Is There Water on Mars?
To date, the water found on Mars exists in the form of ice beneath the planet’s polar ice caps. At one point in Martian history, water flowed on the surface, but the current atmospheric pressure is too low to permit any water on the surface. The southern polar ice cap is estimated to contain enough water to cover the entire planet’s surface to a depth of 11 meters or more if it were to melt and not dissipate into the atmosphere.
Why Does Mars Look Red?
One of the most common questions that arise amongst young students is why Mars looks red. The answer lies in the large amount of ferric oxide found on the surface of the planet which is also known as rust. This gives the entire planet’s surface a red-orange tinge that looks red to the naked eye when viewed from Earth or by the rovers that have operated on the Martian surface which sent high resolution imagery back to Earth.
Does Mars Have Moons?
There are two moons which orbit Mars: Phobos and Deimos. Phobos is the Greek word for “Fear” and Deimos is the Greek word for “Terror.” Scientists believe the moons to likely be captured asteroids which are irregular in shape and small in size. American astronomer, Asaph Hall, first discovered the moons in 1877 using a large refractor telescope. Phobos is the larger of the two moons and has a mass more than seven times the size of Deimos. It is on an unstable orbit which may result in a collision with Mars in a little more than seven million years based on the latest scientific calculations.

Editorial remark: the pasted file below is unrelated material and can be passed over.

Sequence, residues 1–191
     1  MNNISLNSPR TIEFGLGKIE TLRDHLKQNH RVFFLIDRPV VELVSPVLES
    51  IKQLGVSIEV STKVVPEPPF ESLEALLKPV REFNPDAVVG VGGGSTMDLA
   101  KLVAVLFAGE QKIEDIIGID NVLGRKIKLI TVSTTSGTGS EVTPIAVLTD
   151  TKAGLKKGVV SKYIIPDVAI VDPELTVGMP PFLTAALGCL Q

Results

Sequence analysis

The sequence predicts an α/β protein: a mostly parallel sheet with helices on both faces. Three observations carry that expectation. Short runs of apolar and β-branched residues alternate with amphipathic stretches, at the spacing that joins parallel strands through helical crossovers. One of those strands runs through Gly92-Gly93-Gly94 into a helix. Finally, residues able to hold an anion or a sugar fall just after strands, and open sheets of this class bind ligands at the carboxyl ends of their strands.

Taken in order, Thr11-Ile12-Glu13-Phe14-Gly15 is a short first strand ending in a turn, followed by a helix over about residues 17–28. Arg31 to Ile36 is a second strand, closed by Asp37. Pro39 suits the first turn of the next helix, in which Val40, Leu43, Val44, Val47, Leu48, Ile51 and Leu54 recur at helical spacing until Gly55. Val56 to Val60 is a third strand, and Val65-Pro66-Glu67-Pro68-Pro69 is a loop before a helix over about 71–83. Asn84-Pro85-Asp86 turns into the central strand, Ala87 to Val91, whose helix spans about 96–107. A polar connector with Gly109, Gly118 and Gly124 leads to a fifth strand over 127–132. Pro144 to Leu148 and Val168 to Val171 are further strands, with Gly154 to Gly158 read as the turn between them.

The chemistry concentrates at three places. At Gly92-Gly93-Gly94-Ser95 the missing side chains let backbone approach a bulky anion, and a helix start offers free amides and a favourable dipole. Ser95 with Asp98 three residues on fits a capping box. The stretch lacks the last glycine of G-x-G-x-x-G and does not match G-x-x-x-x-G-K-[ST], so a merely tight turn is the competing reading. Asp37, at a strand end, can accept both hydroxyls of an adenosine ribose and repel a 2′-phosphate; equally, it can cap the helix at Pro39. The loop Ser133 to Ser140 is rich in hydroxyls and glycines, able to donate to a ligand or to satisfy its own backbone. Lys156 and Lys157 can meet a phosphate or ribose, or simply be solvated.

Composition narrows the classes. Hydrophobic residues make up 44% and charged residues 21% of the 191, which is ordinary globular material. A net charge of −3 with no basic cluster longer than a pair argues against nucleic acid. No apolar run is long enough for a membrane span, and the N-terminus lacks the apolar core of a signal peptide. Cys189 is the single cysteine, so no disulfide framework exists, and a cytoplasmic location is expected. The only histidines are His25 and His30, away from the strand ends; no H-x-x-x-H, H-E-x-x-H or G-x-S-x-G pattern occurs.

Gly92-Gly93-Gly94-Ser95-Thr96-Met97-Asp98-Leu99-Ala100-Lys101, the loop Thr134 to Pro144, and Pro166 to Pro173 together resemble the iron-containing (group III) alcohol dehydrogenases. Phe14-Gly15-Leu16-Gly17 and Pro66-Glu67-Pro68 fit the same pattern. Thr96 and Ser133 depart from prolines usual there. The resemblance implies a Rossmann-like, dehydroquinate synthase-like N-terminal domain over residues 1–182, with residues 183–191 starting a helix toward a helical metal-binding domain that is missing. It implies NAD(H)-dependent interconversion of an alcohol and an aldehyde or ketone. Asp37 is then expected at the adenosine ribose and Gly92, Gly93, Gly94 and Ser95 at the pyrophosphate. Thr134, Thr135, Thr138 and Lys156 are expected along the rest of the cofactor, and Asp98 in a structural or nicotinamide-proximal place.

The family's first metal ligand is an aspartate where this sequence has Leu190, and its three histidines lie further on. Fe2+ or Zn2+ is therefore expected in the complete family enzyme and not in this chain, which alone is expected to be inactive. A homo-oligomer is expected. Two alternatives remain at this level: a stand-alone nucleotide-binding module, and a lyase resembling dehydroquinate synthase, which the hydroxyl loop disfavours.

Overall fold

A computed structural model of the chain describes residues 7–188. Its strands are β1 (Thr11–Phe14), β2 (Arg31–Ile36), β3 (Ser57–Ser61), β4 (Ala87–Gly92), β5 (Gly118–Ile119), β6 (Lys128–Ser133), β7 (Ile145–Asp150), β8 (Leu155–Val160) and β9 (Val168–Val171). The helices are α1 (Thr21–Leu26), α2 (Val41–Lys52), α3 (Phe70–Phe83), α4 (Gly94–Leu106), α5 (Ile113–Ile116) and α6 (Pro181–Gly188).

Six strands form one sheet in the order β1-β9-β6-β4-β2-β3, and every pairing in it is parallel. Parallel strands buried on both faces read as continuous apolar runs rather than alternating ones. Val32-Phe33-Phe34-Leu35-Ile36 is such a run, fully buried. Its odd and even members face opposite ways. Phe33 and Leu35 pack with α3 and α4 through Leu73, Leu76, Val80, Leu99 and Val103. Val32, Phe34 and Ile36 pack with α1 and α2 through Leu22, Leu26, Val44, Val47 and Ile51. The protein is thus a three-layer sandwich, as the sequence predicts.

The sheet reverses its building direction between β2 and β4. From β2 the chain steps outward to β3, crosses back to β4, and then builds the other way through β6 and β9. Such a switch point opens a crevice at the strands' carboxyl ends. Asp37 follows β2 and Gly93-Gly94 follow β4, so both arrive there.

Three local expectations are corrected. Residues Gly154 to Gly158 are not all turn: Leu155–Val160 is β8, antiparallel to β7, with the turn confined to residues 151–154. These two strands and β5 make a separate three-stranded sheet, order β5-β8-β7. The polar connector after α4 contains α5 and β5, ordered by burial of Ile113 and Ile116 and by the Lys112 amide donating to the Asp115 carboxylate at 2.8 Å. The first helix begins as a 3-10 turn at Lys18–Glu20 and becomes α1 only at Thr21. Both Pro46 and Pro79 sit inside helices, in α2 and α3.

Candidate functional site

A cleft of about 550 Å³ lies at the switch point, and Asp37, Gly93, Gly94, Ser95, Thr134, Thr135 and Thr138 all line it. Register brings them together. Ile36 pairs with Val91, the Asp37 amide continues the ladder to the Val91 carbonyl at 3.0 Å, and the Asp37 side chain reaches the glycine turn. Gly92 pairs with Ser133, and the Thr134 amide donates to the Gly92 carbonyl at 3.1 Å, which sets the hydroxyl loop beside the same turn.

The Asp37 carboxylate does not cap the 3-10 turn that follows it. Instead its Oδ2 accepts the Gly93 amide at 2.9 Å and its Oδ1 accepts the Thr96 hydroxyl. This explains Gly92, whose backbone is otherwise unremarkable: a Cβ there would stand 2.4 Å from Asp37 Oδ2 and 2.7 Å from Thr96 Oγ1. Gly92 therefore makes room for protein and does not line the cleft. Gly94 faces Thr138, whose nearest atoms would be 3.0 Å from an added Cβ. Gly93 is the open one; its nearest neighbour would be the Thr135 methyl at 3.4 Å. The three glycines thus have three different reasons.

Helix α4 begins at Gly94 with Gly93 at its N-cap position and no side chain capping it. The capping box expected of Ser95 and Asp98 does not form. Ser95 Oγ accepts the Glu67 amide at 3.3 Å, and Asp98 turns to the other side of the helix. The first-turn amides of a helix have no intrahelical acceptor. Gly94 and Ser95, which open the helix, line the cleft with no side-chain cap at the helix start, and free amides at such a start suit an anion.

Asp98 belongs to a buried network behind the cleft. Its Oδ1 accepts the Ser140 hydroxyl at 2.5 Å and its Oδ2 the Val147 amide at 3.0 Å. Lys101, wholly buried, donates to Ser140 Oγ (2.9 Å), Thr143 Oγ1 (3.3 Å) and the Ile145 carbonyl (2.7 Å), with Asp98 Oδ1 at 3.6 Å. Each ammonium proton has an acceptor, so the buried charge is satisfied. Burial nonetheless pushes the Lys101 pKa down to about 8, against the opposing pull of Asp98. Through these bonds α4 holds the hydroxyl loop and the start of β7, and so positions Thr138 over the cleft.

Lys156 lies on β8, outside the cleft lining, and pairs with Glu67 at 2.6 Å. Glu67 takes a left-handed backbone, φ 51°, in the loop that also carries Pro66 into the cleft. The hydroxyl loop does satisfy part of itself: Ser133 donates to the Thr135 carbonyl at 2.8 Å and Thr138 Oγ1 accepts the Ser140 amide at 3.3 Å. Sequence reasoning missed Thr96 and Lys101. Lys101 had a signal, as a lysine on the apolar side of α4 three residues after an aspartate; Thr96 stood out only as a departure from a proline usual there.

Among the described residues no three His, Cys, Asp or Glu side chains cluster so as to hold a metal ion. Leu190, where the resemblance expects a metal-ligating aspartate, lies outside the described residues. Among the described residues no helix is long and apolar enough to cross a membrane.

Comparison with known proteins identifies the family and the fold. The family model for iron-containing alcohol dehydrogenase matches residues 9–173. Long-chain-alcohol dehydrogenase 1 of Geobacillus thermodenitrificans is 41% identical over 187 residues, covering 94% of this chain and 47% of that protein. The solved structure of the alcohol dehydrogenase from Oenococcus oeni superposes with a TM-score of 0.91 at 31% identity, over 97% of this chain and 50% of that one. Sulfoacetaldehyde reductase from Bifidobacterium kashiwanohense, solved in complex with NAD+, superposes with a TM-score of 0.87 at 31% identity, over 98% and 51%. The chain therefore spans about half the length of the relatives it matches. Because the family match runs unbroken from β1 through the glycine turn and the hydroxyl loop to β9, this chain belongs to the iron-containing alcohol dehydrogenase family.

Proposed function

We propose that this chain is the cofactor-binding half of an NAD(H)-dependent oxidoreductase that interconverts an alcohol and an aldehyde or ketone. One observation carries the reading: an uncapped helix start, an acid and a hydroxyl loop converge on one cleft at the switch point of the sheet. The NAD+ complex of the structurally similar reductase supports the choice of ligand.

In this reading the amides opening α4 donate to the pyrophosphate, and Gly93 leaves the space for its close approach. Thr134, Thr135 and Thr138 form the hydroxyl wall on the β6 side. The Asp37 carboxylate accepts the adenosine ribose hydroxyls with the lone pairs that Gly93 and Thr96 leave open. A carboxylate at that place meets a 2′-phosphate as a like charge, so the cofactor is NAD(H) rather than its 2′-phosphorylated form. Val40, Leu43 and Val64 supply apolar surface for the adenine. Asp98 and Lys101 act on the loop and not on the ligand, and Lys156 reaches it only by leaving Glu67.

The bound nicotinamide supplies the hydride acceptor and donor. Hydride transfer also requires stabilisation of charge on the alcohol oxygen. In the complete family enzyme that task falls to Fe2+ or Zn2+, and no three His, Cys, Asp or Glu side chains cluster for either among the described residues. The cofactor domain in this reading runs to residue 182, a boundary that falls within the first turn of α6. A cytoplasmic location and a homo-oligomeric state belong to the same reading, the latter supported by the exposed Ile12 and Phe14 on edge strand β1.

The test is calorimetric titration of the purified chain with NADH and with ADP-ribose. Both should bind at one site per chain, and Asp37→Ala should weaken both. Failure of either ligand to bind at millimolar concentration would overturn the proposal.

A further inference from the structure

Future Mars Exploration
Although scientists have collected a significant amount of information that helps answer the question, “What is Mars Made Of,” the next big step in scientific discovery of the planet lies in a future manned mission. In the short-term, this is not likely to occur soon; however, the next Mars rover mission will be collecting additional information that will be used for manned mission planning in order to safely conduct the future mission and obtain more information on the history of Mars. In order to allow researchers, students, and just interested people see the latest imagery and pictures of the planet prior to the time mankind visits Mars in person, Google publishes a freely available Mars Labs page.